The nose knows: Aroma, but not THC mediates the subjective effects of cannabis flower

Previous studies have shown that cannabis consumers are willing to pay more money for higher-quality products; however, the definition of “quality” cannabis has not been defined. Despite the known health risks of THC overuse, THC potency has been adopted as the primary market-driving feature of cannabis products. The purpose of this study was to objectively identify features of cannabis that contribute to its appealing subjective effects.

In the course of conducting cannabis competitions, commercially available cannabis inflorescences were distributed to healthy volunteers in a randomized, double-blind fashion. Anonymous online survey data about the subjective effects of each cannabis sample were analyzed independently by researchers not involved with the competitions.

Pleasant subjective aroma (but not terpene expression, THC potency, or THC dose) was positively correlated with pleasant subjective effects. There was also a moderate but significant negative association between the amount of cannabis consumed and subjective appeal. These results suggest that, unlike THC potency, pleasant aroma is predictive of pleasant subjective effects. Similar to other agricultural commodities such as coffee and tea, aroma appears to be a robust indicator of the quality of cannabis inflorescence. These findings have wide-reaching public health implications, given the well-established health risks of THC overuse.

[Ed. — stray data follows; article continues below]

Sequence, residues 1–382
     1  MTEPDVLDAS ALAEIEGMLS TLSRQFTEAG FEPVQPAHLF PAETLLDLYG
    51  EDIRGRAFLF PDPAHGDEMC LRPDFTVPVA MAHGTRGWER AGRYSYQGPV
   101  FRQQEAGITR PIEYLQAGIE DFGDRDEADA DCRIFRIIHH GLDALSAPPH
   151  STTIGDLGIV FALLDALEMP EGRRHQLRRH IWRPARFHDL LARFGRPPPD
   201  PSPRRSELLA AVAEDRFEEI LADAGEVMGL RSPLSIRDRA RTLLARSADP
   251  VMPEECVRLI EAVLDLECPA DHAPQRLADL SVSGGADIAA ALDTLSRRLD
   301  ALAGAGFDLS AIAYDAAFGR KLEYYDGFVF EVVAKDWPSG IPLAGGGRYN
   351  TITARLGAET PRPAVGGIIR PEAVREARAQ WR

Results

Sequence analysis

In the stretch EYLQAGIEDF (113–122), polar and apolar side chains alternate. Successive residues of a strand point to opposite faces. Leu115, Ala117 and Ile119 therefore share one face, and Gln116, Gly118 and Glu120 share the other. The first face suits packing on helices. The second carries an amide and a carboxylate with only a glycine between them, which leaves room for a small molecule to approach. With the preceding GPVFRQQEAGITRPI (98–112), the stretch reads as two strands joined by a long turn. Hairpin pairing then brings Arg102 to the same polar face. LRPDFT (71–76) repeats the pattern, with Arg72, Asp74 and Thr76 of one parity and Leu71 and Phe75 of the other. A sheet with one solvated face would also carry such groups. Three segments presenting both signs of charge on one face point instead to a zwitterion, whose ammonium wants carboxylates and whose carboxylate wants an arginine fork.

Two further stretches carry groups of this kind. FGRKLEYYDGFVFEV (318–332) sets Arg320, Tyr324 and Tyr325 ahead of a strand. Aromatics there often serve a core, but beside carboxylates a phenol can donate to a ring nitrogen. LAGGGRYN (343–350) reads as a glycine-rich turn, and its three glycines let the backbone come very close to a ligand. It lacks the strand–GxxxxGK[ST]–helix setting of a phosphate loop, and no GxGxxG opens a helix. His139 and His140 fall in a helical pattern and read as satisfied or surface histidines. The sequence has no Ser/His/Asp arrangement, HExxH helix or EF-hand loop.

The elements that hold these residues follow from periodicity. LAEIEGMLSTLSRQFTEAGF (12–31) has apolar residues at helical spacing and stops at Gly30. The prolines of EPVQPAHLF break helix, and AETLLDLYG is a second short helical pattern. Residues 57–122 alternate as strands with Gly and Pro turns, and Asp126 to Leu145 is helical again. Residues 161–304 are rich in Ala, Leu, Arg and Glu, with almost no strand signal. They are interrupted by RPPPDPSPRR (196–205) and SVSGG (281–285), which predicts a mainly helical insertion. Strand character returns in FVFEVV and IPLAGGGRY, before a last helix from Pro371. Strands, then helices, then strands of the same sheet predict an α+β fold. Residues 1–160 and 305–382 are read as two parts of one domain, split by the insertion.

Plumb J, Demirel S, Sackett JL, Russo EB, Wilson-Poe AR. The Nose Knows: Aroma, but Not THC Mediates the Subjective Effects of Smoked and Vaporized Cannabis Flower. Psychoactives. 2022; 1(2):70-86. 

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